Preservatives in Skin Care – 5 Things To Know

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The use of preservatives in skin care can be a confusing topic. On the one hand, you’ll hear about how preservatives are associated with side effects. Yet, other companies and scientifically minded individuals (like me) express concern over the safety of cosmetics promoted as being ‘preservative free’. It’s getting confusing out there!

In this post, let’s take a closer look at preservatives in skin care to help you understand why preservatives are important and how to choose products that are as safe as can be.

Here are five things that will help you navigate the cosmetics counter without a science degree.

5 Tips to Navigate the Cosmetics Counter

1. If A Product Contains Water, It MUST Have a Preservative

Many cosmetics contain water and when water is present, it contributes to the growth of mold, bacteria and fungi. Even if the formulation doesn’t contain water, cosmetics are often kept in humid environments and may be contaminated when your hands touch the contents. Preservatives help to prevent the growth of these dangerous substances.

2. Not All Chemical Preservatives Are Bad

While chemical preservatives may be problematic in high doses, the quantities used in cosmetics are minimal, generally less than 1%. The main concern is with preservatives that cross over into the blood stream where they may lead to side effects. The following are ones we should watch out for:

  • Phenolic acid (Phenol). In large quantities, it has been known to cause respiratory issues, coma, fainting, and even paralysis.
  • Phthalates: Phthalates can be absorbed through the skin and accumulated in the body. They are associated with the development of breast cancer, asthma, ADHD, obesity and Type 2 diabetes, neurodevelopmental issues, behavioral issues, autism spectrum disorders, altered reproductive development, and fertility issues.
  • Petroleum-based compounds: Some (propylene glycol, polyethylene glycols, or polyoxyethylene) can be contaminated with 1,4-dioxane, a chemical that the FDA says may cause cancer. However, it’s important to note that most cosmetics companies these days will test for this before using it so it isn’t as big as an issue as it once was.
  • Formaldehyde: This is a carcinogen and can cause allergies, irritation, and asthma.

3. Beware of Paraben Free Labels

Although many companies (Apothekari included) are moving away from the use of parabens in their products, the alternatives may not necessarily be better. (see the list of ones to avoid in number 2, above).

Parabens have estrogenic activity and this effect has been linked to fueling the growth of existing cancer cells. Some studies have shown them to be carcinogenic (cancer causing) as well. The science isn’t conclusive and parabens are just one of many chemicals we’re all exposed to on a daily basis. However, we feel that in this case, it’s wise to exercise caution especially when safer alternatives exist.

4. Preservatives May Not be Listed on the Label

Unfortunately for us, some companies play the game of misleading consumers by not listing preservatives on their label even when their formulations contain them. Yup, it happens! This kind of disingenuous marketing isn’t as uncommon as you may expect and you can be duped into thinking that the product you’re purchasing is ‘preservative-free’ when in fact it isn’t.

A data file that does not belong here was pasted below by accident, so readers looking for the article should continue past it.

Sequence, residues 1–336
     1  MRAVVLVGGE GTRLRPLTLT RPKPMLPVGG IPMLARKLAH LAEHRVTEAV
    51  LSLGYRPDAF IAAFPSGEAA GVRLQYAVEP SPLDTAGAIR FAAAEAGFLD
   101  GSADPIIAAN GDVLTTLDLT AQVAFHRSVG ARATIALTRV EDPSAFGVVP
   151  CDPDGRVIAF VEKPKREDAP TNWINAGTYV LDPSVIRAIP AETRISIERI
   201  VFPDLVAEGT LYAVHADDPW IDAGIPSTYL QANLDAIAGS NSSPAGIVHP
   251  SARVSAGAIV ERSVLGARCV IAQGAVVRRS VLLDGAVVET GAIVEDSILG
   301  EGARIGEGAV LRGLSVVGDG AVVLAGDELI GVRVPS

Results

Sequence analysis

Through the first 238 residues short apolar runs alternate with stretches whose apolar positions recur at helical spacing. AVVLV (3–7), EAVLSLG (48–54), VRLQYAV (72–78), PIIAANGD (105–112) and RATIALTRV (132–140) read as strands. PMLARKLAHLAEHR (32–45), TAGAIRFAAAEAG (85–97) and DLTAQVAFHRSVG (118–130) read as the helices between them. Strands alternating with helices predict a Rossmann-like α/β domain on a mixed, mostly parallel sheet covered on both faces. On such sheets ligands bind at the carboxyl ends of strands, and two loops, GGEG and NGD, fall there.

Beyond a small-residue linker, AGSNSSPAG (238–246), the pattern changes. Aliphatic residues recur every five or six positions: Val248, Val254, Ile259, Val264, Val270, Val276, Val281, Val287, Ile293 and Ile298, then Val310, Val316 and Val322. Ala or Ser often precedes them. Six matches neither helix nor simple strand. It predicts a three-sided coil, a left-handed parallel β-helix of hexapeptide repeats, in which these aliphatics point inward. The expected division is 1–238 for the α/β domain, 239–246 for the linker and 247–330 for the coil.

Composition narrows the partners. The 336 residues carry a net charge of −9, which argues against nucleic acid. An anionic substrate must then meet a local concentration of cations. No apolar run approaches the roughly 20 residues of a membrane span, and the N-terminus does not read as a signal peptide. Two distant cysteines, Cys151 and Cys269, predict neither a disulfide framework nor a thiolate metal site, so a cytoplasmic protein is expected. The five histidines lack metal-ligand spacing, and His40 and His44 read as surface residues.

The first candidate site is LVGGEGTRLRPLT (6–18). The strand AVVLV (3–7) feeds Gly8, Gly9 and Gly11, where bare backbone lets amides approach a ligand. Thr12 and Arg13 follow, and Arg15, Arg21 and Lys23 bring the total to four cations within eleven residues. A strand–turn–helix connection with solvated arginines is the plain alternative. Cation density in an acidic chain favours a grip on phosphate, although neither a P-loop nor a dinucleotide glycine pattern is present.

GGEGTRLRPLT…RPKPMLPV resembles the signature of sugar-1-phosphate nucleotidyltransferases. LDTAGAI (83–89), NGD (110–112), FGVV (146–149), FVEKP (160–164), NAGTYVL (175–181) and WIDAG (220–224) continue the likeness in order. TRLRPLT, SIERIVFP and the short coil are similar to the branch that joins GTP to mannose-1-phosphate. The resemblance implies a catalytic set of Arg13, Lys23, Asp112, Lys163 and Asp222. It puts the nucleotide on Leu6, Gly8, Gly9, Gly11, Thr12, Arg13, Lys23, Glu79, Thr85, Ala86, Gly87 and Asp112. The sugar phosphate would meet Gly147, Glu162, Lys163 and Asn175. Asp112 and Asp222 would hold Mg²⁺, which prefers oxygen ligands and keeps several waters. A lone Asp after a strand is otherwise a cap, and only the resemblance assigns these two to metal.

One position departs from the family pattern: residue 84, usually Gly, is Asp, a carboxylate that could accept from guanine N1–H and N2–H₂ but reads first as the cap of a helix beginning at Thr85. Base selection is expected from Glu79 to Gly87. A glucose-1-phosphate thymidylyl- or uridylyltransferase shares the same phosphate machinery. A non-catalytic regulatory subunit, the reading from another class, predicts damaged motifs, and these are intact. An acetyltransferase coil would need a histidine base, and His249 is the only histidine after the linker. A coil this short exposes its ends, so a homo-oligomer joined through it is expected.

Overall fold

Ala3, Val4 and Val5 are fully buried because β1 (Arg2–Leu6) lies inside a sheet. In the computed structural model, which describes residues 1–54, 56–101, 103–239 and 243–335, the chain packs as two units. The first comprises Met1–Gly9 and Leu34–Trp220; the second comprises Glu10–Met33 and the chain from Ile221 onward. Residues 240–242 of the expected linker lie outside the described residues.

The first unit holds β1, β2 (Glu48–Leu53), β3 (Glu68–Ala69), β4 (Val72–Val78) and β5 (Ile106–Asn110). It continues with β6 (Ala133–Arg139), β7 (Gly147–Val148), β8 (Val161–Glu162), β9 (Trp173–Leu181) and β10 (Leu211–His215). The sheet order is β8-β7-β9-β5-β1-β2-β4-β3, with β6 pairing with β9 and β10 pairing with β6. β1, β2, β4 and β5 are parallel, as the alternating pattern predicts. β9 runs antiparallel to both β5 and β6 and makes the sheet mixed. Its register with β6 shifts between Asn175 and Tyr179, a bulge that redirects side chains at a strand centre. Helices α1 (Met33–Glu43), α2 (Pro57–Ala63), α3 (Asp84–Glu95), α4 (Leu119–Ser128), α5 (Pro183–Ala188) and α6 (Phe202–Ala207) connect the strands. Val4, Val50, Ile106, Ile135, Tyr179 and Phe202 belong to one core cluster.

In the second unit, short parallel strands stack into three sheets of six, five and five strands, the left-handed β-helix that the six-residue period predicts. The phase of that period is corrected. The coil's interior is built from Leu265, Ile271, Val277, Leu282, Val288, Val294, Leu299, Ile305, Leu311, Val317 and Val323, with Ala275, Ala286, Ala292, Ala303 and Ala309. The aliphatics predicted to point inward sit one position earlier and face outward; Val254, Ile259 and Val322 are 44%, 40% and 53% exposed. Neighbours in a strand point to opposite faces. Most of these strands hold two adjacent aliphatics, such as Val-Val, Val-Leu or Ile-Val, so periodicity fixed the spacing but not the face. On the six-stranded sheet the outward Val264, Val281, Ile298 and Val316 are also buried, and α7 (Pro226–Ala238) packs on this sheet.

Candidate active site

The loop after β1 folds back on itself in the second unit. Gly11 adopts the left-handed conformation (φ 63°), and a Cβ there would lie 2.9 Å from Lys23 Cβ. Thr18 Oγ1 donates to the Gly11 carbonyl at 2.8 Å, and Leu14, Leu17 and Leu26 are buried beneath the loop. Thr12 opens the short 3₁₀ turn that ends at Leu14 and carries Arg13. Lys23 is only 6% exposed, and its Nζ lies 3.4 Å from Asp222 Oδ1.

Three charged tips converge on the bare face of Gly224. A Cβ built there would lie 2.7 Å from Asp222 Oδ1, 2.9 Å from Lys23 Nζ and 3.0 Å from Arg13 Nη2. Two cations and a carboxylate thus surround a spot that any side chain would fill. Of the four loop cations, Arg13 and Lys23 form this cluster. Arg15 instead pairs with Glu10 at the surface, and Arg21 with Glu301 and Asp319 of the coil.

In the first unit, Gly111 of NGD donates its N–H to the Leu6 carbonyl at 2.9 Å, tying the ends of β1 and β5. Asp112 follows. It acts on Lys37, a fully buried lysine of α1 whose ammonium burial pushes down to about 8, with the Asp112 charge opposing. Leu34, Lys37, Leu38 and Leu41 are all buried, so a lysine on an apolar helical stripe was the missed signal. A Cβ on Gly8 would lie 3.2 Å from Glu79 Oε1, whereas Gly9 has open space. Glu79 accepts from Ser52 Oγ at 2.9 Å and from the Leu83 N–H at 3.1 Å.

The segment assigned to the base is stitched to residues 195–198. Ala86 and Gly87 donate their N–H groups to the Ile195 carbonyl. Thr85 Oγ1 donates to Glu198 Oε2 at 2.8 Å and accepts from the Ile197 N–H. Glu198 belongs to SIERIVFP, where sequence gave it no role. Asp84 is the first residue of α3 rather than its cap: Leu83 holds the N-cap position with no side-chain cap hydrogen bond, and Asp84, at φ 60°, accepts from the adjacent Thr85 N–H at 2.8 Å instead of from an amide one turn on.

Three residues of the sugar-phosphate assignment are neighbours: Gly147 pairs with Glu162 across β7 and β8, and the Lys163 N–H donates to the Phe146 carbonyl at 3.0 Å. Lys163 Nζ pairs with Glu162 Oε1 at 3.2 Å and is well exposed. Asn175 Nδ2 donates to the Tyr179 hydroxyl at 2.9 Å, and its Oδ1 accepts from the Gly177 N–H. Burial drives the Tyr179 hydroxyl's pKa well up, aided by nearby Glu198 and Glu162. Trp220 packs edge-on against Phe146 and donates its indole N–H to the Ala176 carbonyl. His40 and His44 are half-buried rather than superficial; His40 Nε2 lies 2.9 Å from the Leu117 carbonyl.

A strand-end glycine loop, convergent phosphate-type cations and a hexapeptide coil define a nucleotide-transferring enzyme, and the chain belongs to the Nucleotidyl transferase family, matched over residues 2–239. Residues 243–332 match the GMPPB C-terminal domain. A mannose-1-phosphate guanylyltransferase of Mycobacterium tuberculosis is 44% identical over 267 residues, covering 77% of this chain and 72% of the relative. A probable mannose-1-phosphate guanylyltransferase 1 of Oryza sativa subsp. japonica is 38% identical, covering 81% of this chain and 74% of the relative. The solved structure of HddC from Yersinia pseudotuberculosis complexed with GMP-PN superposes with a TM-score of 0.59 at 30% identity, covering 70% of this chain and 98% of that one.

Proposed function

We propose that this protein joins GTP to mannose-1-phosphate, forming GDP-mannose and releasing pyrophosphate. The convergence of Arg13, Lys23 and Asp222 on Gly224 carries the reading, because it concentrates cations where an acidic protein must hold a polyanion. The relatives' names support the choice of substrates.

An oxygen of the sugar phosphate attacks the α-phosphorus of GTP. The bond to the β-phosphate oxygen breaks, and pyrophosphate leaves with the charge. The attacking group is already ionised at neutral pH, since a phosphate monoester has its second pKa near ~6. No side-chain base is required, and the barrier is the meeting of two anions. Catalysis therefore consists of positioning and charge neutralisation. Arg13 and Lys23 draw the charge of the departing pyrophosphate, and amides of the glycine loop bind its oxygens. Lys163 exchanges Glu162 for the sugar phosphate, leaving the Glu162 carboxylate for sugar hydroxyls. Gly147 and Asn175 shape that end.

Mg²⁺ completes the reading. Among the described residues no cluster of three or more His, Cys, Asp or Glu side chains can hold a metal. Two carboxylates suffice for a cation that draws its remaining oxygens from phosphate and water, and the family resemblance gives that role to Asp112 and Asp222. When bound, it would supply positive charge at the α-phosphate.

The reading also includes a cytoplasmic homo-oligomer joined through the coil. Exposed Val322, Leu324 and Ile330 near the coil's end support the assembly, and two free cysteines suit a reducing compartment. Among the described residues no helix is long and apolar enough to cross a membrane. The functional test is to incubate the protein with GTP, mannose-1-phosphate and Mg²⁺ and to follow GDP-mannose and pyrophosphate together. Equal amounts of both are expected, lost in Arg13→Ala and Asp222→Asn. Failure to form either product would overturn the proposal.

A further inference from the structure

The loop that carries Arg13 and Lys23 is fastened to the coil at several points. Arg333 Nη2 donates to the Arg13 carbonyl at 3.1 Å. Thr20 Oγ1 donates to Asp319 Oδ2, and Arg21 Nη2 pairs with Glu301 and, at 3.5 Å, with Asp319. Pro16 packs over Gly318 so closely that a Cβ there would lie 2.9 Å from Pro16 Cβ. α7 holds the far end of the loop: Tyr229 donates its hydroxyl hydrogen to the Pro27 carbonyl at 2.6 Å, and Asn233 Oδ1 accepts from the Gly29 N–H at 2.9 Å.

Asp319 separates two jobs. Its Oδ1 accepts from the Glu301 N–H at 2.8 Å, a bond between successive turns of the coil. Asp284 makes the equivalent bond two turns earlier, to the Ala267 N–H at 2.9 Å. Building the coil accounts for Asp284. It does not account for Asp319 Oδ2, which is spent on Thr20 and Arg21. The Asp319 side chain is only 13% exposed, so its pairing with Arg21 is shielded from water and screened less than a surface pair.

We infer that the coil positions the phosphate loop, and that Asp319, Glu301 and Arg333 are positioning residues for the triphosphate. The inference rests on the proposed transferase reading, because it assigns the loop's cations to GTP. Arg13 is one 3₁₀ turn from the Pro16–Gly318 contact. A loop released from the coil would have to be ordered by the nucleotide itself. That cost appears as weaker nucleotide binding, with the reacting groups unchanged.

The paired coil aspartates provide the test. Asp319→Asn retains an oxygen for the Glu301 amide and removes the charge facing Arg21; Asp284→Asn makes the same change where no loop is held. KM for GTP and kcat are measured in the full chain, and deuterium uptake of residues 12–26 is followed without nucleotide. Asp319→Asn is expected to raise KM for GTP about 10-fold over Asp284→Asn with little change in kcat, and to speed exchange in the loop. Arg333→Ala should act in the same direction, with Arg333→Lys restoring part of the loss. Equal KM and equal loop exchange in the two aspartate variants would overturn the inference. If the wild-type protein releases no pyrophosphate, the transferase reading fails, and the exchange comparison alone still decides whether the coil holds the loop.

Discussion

5. Natural Preservatives are NOT Necessarily Better

The word ‘natural’ isn’t regulated when it comes to cosmetics so it doesn’t really mean anything. Natural preservatives are not necessarily safer and they may be less effective than conventional ones. Safer preservatives include food grade preservatives (like potassium sorbate and sodium benzoate); alcohols (organic ethanol, grape alcohol, benzyl alcohol, and witch hazel); and a short list of others that are sourced from plants (like gluconolactone, ethylhexyglycerin, triiostearyl citrate) and some that are synthetic but non-toxic preservatives, like dehydroacetic acid.

However, you may require natural preservatives in larger concentrations than chemical ones. They may also have heavy smells and textures that many chemical ones lack. Chemical preservatives are often cheaper, more efficient, more predictable and often associated with fewer allergic reactions.

If your health and safety are important, ensure that there are preservatives in skin care products that you and your family use. Inadequate preservation will not only make products smell and look bad but may introduce dangerous organisms to your body that can lead to severe health issues including blindness. Additionally, since cosmetics are often stored in warm and moist environments, we are creating a breeding ground for bugs. Unless a product is completely oil based, preservatives are essential and non-negotiable.

The topic of preservatives in skin care is so confusing, so you may wonder what to do. First, read labels and go with companies that you trust. By becoming an informed consumer, you’ll be able to rely on facts and not be swayed by marketing.

You can read more about our ingredients philosophy, including the use of preservatives in our line here.